Newspaper article THE JOURNAL RECORD

New Medical Technologies Fall Prey to Catch-22

Newspaper article THE JOURNAL RECORD

New Medical Technologies Fall Prey to Catch-22

Article excerpt

Some patients who have undergone intravascular ultrasound in the few hospitals that offer it were spared bypass surgery, saving tens of thousands of dollars, when doctors learned that they were fine.

Others, like the woman Nissen saw, had huge piles of plaque, although some patients, like the woman, could not benefit from surgery because there was no specific constriction.

If intravascular ultrasound had come on the scene just a few years earlier, cardiologists say, it would have spread quickly. Now, with no insurance payments, just a few medical centers offer it.

Only large medical centers, like the Cleveland Clinic and Duke University Medical School, are willing to absorb its costs, taking a loss or paying for it through research grants. A few places, like Tufts University, say they have found creative ways to slip in the cost, unnoticed, on insurance bills.

The new resistance from insurers has left medicaluipment manufacturers dangling, said Steven Speil, director of payment and health care delivery at the Health Industry Manufacturers Association.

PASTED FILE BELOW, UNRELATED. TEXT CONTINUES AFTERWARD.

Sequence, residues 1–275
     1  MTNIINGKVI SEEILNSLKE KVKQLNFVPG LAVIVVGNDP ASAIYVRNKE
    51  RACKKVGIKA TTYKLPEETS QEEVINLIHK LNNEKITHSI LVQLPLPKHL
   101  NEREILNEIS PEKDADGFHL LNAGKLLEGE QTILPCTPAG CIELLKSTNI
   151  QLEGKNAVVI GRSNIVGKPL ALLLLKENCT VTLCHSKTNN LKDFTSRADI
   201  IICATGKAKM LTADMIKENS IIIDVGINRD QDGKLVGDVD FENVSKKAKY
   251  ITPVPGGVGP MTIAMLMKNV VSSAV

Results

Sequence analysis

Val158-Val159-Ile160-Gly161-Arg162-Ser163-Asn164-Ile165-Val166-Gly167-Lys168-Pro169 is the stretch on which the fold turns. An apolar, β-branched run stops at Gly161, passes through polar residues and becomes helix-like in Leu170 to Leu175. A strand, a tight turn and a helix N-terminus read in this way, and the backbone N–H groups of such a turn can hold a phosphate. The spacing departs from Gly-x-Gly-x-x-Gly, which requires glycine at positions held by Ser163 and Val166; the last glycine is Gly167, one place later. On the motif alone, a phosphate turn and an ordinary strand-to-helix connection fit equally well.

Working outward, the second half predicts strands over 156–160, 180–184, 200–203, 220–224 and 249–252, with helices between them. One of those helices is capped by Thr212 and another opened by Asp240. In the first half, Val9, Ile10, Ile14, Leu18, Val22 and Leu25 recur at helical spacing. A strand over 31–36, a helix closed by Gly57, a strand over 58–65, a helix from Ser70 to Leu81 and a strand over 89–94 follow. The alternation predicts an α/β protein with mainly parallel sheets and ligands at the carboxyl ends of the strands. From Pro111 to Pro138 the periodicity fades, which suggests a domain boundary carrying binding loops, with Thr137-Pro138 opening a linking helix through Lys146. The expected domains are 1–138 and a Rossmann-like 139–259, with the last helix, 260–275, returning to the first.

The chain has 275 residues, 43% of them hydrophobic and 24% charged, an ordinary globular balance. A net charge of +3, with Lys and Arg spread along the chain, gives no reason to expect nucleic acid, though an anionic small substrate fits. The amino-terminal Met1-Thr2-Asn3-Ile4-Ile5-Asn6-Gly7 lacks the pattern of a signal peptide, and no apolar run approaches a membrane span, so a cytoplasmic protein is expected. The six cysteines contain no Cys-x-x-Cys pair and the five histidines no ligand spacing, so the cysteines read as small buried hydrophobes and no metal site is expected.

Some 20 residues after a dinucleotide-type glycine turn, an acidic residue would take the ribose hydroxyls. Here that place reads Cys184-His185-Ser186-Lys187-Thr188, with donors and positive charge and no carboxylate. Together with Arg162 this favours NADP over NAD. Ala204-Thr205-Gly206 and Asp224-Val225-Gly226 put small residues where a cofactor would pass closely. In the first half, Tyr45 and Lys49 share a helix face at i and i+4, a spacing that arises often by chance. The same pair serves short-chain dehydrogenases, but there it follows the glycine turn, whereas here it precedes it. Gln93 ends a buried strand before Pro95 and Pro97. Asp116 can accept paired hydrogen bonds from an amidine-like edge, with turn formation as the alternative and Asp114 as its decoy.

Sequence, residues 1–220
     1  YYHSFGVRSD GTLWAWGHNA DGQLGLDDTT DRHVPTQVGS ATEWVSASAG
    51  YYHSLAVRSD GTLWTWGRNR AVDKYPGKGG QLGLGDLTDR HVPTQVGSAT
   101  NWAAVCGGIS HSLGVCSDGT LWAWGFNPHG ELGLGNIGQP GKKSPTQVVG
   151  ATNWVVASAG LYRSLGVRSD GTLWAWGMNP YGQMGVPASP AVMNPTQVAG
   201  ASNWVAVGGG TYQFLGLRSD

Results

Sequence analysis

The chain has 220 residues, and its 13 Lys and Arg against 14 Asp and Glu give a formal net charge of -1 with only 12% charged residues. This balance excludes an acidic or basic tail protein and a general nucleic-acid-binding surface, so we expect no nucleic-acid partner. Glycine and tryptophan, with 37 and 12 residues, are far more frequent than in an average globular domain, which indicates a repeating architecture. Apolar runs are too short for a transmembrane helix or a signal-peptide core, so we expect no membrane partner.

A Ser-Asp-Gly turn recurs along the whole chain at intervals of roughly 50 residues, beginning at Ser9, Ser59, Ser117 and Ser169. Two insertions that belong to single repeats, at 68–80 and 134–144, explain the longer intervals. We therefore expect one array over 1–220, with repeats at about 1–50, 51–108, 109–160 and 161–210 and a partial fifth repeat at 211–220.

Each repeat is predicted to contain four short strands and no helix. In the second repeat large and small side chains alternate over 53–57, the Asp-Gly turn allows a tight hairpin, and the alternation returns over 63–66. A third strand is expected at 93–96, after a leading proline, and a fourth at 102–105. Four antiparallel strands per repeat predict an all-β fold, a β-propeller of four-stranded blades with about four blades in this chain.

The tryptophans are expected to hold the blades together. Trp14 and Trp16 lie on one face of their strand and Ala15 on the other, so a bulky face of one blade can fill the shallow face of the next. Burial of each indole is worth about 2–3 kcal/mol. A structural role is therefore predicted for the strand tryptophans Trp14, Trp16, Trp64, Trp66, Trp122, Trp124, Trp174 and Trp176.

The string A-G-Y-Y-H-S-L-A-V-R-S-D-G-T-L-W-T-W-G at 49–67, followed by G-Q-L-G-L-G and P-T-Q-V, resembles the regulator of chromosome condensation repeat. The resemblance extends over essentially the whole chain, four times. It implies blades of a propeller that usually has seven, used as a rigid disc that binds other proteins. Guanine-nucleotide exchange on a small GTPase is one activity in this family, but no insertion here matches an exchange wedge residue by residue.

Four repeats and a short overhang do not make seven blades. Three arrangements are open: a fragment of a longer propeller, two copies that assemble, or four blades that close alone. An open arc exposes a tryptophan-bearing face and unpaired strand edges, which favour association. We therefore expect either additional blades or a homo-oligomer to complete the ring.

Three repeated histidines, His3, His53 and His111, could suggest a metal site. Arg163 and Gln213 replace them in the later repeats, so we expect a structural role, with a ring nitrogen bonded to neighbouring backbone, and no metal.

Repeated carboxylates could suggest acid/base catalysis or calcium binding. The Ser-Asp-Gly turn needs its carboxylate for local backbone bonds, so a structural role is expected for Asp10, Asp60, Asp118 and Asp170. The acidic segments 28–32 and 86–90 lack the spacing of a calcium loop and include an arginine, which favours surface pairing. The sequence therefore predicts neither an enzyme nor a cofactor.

"Payers say, `Give us more information on what it can do.' But you can't generate more data absent reimbursement," he said. Speil said a growing number of companies are giving up on new technologies.

The medicaluipment industry offers great potential for profitability once a device gains wide use. Sabino said gross profit would typically be around 60 percent for machines like ultrasound devices, and about 80 percent for catheters.

The ultrasound machines that make intravascular images sell for $75,000 to $100,000. The catheters, which can't be reused, sell for $400 to $800.

The ultrasound machines and catheters are being made mostly by small companies, including Intertherapy in Irvine, Calif., Endosonics in Pleasanton, Calif., and Cardiovascular Imaging Systems in Sunnyvale, Calif.

But last month, Hewlettckard announced that it would start making the ultrasound machines as well, teaming up with Boston Scientific, a Watertown, Mass. …

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